Amazon is now giving third-party sellers access to aggregate demographic information about customers, including age, income, gender and marital status.
It’s part of an effort from Amazon to give more information to sellers using its third-party seller platform, Seller Central. The company noted some of these moves in a news release Tuesday that highlighted newly launched Amazon Brand Analytics, including insight on popular search terms and comparable products; a promotional Fulfilled by Amazon monthly storage and removal fee waiver; personalized guidance on how to sell globally, and educational tools for sellers. Kiri Masters, CEO of Amazon agency Bobsled Marketing, said news of the move emerged on a LinkedIn post from a seller late last week; Amazon confirmed to Digiday that demographic analytics were made available to sellers in the U.S. last Thursday.
According to Amazon, Amazon Brand Analytics, including the customer demographics report, is available to “eligible brand owners” who are enrolled in Brand Registry. Currently, the feature is only available to sellers who own a brand or who serve as an agent, representative, or manufacturer of a brand.
For third-party sellers on Amazon, unlocking free customer demographics information addresses one of the biggest pain points of selling on Amazon’s marketplace: limited access to customer data. While brand analytics offer information about keyword searches, how popular keywords are, click and conversion share, information about who customers were was virtually nonexistent before, said Ryan Williams, director of finance for Rise Brewing. With limited customer data, it’s been challenging for many Amazon sellers to market to customers and would-be customers who peruse or buy items via Amazon.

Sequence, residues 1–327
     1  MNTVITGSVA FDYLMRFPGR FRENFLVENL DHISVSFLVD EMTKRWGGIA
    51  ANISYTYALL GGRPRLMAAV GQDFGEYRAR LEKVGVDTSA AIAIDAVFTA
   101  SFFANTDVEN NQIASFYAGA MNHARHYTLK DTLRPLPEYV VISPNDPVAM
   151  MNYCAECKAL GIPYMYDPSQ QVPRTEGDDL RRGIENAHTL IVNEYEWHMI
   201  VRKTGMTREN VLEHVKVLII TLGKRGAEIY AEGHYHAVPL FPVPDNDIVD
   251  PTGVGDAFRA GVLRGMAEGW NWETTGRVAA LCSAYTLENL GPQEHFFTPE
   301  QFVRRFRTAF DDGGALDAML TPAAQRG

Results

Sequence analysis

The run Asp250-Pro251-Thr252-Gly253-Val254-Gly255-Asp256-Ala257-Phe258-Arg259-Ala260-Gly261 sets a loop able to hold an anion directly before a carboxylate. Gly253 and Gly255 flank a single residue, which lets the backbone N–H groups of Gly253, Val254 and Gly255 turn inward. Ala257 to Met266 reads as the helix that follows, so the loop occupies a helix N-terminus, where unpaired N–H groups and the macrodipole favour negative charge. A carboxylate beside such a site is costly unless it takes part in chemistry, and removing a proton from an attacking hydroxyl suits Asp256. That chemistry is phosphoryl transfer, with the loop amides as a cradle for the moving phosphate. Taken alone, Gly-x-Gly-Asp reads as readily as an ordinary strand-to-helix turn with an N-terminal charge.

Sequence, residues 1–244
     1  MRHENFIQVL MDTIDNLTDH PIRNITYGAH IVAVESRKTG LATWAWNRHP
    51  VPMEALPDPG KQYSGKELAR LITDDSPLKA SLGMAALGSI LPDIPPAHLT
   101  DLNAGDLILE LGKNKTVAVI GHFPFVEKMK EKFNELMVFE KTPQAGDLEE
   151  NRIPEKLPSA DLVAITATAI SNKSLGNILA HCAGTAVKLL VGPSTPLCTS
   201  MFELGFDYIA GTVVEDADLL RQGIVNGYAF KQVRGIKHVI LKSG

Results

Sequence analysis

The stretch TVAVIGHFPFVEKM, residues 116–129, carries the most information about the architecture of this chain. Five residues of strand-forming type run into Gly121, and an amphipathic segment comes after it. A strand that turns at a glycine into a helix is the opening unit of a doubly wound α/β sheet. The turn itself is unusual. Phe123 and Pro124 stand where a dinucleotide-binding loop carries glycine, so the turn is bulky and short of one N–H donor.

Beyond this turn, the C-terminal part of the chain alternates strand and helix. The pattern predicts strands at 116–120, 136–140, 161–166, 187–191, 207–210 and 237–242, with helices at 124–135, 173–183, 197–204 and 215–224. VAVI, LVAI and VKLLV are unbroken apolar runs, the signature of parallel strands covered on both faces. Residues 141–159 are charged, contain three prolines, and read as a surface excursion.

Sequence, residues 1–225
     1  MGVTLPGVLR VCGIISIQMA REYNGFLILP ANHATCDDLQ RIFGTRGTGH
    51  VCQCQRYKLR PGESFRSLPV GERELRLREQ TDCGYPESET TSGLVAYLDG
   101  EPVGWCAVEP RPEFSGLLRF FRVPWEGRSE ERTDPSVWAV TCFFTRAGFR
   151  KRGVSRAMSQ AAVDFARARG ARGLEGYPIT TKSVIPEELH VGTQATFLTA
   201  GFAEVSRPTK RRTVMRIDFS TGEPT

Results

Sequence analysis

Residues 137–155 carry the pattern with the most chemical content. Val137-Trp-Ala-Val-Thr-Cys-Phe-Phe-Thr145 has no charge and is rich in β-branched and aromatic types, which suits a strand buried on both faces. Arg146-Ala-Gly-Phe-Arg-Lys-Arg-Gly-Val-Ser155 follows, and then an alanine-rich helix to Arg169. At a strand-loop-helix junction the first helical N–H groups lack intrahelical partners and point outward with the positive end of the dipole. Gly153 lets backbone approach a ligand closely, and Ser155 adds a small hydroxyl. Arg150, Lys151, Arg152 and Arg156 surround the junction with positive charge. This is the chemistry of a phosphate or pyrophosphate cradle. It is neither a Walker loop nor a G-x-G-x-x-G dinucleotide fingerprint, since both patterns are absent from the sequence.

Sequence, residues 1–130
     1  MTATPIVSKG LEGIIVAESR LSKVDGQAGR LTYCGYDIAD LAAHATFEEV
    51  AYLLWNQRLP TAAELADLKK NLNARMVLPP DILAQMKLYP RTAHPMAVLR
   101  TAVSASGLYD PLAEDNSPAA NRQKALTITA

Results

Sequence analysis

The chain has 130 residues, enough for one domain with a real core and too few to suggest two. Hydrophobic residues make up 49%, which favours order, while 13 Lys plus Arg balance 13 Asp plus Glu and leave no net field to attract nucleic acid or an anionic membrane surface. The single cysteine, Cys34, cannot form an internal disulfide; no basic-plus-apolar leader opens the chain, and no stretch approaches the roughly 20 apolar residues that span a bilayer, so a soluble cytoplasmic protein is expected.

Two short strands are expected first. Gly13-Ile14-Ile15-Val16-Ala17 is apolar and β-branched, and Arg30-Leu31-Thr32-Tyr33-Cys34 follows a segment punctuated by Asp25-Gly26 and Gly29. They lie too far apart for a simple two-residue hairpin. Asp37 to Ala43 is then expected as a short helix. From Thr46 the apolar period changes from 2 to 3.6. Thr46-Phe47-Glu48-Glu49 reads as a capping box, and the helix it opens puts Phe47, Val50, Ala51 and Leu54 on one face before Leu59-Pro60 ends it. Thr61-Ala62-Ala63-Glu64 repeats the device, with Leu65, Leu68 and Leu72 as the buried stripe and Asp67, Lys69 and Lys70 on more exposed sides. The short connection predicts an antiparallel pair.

The insights acquired from the demographics tool will have an impact on broader marketing strategies that go beyond Amazon, said Williams, who said he began accessing the feature on Tuesday.
“This really helps with your marketing strategy, not just on Amazon but outside of Amazon as well,” said Williams. “We’re constantly asked by investors who we should focus on, and beyond Google Analytics, those questions are not always easy to answer.”
For Brian Hemmert, chief marketing officer at Fat Snax, the added insights are a positive move from Amazon, but not enough to abandon growing Fat Snax’ own e-commerce site.
“It’s still crucial to have our own direct channels through our site,” he said.
Agencies working with Amazon, however, say the motivations behind the new analytics tool aren’t only to benefit smaller sellers. Amidst recent reports that Amazon wants to move some sellers away from the wholesale platform to Seller Central, agency executives say what’s at play is a strategy to promote Seller Central by giving third-party sellers access to data they would have to pay for if they used Vendor Central. Brands that sell through Vendor Central have to pay for demographic data as part of a subscription to Amazon Retail Analytics (ARA) Premium, which can reportedly cost as much as $30,o00 per year (ARA basic, which is free, offers reports on business metrics including sales and inventory levels). But according to the company, brand analytics are less relevant to the vendor model since Amazon is handling the listings.
“I don’t know if I would characterize it as a win — it’s an incentive for larger sellers to move to Seller Central,” said Fred Killingsworth, CEO of Amazon-specialized agency Hinge, who added that moving more sellers to Seller Central lets Amazon divert resources from seller relationships within Vendor Central. “Amazon is a tech platform; the vendor relationship requires a lot more humans to be involved in the process, given expectations Amazon is going to provide help.”
Meanwhile, additional analytics are a powerful tool to justify additional investments in Amazon’s advertising platform.
“With brand analytics, the new demographics that came out in the past few days are a case for more ad spend on Amazon,” said Masters.